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Food Safety Sneak Attack! Passed by Unanimous Consent

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Barbara H. Peterson

Farm Wars

How many times does Congress have to stick it to us before we realize that this body politic has no other function than to obey its corporate masters? If you think that you are being represented by these crooks, liars and thieves, then think again. The “Food Safety” bill is alive and has taken so many twists and turns to end up on the verge of becoming law of the land that nobody in his or her right mind could possibly believe that they are not going to cram this garbage down our collective throat no matter what.

And if you thought that good old Sen. Tom Coburn, who had been blocking the legislation would ultimately hold onto what little integrity he could muster and save the day by rescuing us from impending Food Safety doom, think no more. “He lifted his objection at the final moment” (Alexander Bolton), and this travesty of justice was passed in the Senate by unanimous consent.

So, I present to you, unequivocally, the final straw that broke the camel’s back for any sane person relying on Congress to be anything other than what it is; and that is a reeking cesspool of corruption and deceit. It would seem that the only thing to do now is bend over and…well, you know the rest. The House will, quite possibly place the final nail in the coffin on Tuesday.

Food Safety Bill Lives

Jamie Dupree

December 19, 2010 8:39 PM [S.510] A major food safety bill that had almost been given up for dead was suddenly revived in the Senate late on Sunday evening, and may be ready for House approval as early as Tuesday.

In a parliamentary move laid out on the Senate floor by Senate Majority Leader Harry Reid just after 7pm, the Senate took the food safety language that was passed as part of a stop-gap budget plan by the House, attached it to another House-passed bill and approved that by unanimous consent.  More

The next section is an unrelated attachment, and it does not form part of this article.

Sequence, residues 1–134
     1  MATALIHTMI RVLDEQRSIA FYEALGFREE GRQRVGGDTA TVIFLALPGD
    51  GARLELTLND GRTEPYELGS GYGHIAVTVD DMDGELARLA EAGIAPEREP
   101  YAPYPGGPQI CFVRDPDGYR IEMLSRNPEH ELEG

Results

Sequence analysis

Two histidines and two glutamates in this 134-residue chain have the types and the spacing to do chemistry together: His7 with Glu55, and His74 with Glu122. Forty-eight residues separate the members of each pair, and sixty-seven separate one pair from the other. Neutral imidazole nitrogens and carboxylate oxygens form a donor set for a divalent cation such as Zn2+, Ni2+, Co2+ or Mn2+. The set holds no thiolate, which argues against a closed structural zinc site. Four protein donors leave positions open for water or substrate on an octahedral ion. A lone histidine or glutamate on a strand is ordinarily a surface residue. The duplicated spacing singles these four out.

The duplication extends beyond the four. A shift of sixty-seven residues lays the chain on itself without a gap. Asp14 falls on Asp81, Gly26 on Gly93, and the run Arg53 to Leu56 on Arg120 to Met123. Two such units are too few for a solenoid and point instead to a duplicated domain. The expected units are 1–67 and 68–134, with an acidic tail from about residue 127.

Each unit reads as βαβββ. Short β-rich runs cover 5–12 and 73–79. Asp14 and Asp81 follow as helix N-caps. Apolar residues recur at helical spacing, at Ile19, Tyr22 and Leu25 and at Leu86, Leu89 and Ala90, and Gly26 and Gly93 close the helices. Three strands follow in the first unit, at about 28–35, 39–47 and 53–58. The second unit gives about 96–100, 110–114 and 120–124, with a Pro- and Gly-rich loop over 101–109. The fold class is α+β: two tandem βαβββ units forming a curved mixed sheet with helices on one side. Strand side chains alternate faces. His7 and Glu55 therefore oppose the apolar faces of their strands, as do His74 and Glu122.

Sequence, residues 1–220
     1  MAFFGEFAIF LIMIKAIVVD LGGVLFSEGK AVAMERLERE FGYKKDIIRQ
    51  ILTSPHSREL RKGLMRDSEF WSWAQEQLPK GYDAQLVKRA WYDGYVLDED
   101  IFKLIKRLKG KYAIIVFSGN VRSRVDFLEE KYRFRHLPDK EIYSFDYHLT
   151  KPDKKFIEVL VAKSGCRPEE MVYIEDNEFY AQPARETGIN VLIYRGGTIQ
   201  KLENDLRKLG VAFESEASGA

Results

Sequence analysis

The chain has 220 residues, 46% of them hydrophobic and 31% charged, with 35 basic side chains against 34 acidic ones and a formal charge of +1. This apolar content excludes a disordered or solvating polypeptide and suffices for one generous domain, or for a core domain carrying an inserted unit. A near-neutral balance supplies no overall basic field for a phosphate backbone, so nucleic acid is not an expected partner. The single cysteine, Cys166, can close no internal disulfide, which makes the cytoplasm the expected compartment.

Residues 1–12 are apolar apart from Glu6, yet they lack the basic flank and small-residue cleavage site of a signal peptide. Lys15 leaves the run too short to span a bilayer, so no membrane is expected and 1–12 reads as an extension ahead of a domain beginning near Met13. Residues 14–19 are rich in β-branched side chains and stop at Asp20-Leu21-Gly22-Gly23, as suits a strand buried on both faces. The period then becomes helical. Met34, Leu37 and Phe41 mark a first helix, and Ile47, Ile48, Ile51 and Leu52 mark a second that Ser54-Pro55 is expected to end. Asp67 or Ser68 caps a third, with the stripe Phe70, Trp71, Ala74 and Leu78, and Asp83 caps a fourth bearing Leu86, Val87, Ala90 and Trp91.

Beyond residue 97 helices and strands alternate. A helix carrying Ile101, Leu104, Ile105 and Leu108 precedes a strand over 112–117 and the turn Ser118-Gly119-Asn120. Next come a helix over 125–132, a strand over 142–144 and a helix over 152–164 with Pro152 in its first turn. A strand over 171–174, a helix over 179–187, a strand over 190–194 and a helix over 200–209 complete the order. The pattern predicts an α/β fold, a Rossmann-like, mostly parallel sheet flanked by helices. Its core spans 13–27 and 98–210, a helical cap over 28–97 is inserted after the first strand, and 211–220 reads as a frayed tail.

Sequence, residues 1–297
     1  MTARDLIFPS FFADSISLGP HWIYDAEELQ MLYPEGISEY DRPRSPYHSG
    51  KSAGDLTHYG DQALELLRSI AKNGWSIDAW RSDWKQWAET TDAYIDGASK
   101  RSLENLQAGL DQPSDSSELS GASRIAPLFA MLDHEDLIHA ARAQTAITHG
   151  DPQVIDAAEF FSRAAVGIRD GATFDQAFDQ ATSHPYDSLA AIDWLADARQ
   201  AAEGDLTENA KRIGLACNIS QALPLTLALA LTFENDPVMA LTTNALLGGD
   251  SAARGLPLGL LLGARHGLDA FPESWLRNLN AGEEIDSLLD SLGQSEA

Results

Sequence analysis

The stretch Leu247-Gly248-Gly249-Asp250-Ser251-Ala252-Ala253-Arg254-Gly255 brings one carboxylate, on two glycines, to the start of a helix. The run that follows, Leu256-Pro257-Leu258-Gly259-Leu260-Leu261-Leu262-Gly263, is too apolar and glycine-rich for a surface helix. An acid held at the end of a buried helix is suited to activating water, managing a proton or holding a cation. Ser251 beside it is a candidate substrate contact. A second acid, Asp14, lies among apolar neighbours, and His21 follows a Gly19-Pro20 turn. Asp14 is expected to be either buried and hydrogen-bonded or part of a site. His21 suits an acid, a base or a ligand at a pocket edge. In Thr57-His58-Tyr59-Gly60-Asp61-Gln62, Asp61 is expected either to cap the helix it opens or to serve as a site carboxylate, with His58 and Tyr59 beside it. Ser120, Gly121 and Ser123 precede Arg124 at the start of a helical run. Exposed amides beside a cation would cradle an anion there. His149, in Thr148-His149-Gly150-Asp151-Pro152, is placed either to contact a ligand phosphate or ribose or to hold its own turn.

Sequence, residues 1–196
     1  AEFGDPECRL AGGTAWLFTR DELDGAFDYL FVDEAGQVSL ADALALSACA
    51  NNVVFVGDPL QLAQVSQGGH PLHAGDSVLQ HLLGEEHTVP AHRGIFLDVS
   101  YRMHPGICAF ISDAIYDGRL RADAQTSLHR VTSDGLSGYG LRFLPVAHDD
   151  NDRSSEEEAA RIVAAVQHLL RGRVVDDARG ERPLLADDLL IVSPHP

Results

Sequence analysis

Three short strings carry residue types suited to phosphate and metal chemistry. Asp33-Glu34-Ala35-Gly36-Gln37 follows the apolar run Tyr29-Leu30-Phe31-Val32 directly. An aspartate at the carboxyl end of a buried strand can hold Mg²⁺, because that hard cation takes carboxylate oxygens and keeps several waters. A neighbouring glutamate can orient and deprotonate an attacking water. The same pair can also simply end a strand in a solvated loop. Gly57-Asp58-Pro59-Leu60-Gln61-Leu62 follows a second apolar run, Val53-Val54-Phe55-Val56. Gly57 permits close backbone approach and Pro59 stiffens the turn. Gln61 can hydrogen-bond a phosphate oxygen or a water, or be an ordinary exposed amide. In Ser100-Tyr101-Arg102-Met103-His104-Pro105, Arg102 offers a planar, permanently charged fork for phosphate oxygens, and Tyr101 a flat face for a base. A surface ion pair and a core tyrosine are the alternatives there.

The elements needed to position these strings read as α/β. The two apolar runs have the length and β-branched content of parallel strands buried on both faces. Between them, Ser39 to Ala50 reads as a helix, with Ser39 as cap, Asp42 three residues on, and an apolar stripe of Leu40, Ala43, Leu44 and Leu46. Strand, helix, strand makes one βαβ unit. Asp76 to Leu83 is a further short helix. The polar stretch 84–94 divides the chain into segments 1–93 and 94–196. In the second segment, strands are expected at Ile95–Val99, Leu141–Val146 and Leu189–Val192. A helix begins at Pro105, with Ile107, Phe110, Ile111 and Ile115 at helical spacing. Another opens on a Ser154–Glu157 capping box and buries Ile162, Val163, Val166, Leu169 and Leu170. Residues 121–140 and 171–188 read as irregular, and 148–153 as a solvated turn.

Reid temporarily shelves s.510 and blames Coburn

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UPDATE!!

It has come to our attention that REID has decided not to shelve S.510, and instead will attempt to invoke cloture to ram the bill through.  Reid, on the hook to many corporate food producers who have helped  finance him, owes a lot of people……and none of them are you! 

If this bill gets shoved through, Nevada needs to take immediate action to remove this man from office; don’t wait for the election.  Marti

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by:  Steve Tetreault

The momentum has stalled in the U.S. Senate behind a food safety bill that was fueled by the recall of more than half a million tainted eggs over the summer.

Sen. Harry Reid, D-Nev., said this morning he is shelving the legislation at least temporarily, and blamed Sen. Tom Coburn, R-Okla., for the impasse.  

 Coburn had served notice he would block the bill on the grounds it is not offset by cuts elsewhere, and so would increase the federal budget deficit. 

“If this was a priority for the majority, they would have already paid for it,” Coburn’s spokesman John Hart told Politico. Coburn says the legislation will cost more than $1.6 billion over five years.

The Oklahoma Republican on his website detailed other problems he sees with the legislation.

Reid, the Senate majority leader, said earlier this week he thought the bill was close to being ready and could pass quickly. He backtracked this morning.

“We thought we finally had it worked out, we could come and take care of this,” Reid said in a Senate speech. “But Senator Coburn has said no. We’ve spent a whole Congress on this and of course at the last minute he comes in and likely we will not be able to get this done before we go home for the elections.

“What a sad thing for our country. People are dying as a result of these problems with food. It is just a shame we can’t get this done.”

Food safety advocates have lobbied Congress actively through the year, flying in victims of severe food poisoning, and the family members of those who died from eating tainted food.

Reid said he met with a dozen Nevadans who have eaten foods that made them sick.   One of them was Rylee Gustafson of Henderson, who was hospitalized as a 9-year-old in 2006 after eating contaminated spinach.

Pressure for reform mounted over the summer after more than 550 million eggs were recalled following a salmonella outbreak.

The pending bill would strengthen the police powers of the Food and Drug Administration to mandate recalls, enables it to hire more inspectors and requires more frequent inspections of food plants. It also requires food makers and processors to have control plans in place that address known problems.

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